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The disability support system in NSW is currently undergoing change. Despite there being new policy reforms aimed at giving people with disability more flexibility and control, advocacy is just as important as ever.  This is because power still resides largely with those groups implementing change – the government, the bureaucracy, and non-government service providers. Vigorous advocacy is needed so that the views and aspirations of those upon whom these changes will have the most effect, your family members with disability, are heard and taken action on. Otherwise, decisions will continue to be made on their behalf.

There has been a gradual transition of current systems of support in NSW to the National Disability Insurance Scheme (NDIS).

Read Opportunities and Challenges arising from the National Reforms  or view a presentation by Belinda Epstein-Frisch at our recent Harness the Possibilities Conference. 

Explore more about how to direct supports on the Resourcing Inclusive Communities website.

Human services aim to assist people in different aspects of their life.  These human services will continue to exist under an NDIS, and despite a changing policy environment to one that is more supportive of individual choice and control over how and where funding is utilised, vigilance is still required to ensure that this translates into the reality of people's everyday lives.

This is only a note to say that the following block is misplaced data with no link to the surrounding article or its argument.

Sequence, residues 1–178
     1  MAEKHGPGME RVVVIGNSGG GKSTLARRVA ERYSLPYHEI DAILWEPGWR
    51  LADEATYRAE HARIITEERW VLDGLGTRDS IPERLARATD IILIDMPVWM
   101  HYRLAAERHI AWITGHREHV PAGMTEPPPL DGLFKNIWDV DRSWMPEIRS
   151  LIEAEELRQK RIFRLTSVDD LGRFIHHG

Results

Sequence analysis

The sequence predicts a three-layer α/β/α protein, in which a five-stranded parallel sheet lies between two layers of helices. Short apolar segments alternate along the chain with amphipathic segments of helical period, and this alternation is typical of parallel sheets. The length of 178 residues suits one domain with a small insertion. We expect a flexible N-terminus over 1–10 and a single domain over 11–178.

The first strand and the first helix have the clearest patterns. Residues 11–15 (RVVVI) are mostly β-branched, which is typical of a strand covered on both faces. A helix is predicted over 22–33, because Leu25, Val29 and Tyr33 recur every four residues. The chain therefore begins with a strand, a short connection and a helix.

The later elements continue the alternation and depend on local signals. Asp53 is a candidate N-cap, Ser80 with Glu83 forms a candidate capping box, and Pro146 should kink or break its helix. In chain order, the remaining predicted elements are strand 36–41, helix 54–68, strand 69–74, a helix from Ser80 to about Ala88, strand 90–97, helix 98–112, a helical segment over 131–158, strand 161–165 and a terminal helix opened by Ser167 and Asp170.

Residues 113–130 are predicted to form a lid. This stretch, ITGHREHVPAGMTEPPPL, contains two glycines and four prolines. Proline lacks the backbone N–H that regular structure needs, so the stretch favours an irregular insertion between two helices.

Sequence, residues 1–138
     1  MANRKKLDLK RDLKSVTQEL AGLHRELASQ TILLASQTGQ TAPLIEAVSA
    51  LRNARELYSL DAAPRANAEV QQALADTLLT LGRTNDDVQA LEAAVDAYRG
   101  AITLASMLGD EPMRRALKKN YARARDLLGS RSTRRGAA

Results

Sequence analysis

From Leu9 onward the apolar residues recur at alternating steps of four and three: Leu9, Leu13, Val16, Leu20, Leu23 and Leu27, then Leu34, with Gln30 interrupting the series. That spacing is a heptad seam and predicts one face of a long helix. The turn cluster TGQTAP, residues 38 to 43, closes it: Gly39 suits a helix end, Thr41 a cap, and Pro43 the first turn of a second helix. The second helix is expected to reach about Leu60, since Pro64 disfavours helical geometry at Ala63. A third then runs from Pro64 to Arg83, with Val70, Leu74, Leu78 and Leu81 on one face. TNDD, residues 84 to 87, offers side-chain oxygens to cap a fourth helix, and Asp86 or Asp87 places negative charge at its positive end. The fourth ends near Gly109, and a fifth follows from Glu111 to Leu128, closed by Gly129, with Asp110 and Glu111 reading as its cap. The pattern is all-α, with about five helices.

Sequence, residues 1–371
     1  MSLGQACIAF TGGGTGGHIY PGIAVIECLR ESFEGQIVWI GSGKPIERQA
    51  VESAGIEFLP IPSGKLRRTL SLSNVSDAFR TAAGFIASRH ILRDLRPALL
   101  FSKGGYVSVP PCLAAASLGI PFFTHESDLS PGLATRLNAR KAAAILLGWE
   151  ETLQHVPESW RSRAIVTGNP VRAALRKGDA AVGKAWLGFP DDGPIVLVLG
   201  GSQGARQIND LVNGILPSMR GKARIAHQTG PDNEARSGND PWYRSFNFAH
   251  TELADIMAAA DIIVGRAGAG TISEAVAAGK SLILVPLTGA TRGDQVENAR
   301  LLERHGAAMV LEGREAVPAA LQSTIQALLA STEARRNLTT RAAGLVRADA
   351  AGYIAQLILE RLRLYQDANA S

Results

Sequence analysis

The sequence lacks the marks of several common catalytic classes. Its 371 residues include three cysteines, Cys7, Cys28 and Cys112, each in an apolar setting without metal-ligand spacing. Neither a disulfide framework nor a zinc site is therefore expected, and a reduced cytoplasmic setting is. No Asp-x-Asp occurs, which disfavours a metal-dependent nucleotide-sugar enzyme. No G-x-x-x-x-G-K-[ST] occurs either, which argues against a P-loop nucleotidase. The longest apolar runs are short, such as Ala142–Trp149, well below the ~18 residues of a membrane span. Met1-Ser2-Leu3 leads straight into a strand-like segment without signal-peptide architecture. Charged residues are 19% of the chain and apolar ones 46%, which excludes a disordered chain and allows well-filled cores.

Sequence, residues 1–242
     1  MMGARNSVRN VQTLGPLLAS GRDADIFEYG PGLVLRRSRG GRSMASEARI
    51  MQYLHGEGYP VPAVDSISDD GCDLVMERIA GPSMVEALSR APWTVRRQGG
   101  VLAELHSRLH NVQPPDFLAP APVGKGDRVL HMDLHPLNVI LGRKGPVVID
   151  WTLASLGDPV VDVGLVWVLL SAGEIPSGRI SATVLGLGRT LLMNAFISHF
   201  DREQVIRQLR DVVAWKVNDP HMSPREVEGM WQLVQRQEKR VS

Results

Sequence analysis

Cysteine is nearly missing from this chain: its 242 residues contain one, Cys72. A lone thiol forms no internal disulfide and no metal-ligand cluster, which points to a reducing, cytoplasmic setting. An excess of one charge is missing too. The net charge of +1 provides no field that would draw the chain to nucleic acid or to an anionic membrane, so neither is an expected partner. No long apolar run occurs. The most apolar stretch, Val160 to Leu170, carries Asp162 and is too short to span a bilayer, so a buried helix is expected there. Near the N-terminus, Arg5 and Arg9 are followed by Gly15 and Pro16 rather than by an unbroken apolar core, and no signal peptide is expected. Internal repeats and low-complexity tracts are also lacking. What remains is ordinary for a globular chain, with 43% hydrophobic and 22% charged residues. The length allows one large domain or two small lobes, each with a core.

There is an assumption that once people with disability have access to services and supports there will be no need for advocacy. 

Regardless of what happens with funding and supports we believe advocacy will always be needed and will be lifelong, because of the following reasons:

  • The impact of disability 
  • Values of society
  • Social impact of disability 
  • Impact of the human service system

As an advocacy organisation we are interested to hear about your experiences around the NDIS please contact us, you can also find out more by reading The NDIS and your family member: we need to hear your voice

Our staff can provide phone advice on:
• how to advocate for your family member if you are not happy and wish to review their NDIS Plan 
• how to understand the documentation that has been received from the NDIA
• whether proceeding to Appeal is the right option.


NDIS Pre-Planning Tips


NDIS Troubleshooting 

NDIS Review Guide

NDIS Service Agreement


Keeping families informed with updates

View  NDIS Information Updates for families



Have an NDIS issue?


Where to go?

Contact details

Any NDIS problem

Family Advocacy

Call 9869 or 1800 620 588


Not happy with NDIS plan / review NDIS plan

Family Advocacy


National Disability Insurance Agency (NDIA)

Call 9869 or 1800 620 588



Call 1800 800 110 or see


Not happy with NDIA decision of an internal review/appeal

Family Advocacy


Administrative Appeals Tribunal

Call 9869 or 1800 620 588


Call 1800 228 333 or see

Not happy with NDIA service/process


Call 1800 800 110 or see


Not happy with products/services bought using NDIS plan

NSW Department of Fair Trading

Call 13 32 20 or see


 Not happy with the provider of disability supports

 NSW Ombudsman

 Call 92861000or1800451524 or email  nswombo@ombo.nsw.gov.au

 Not happy with the NDIA's actions

 Commonwealth Ombudsman

Call 1300 362 072 or see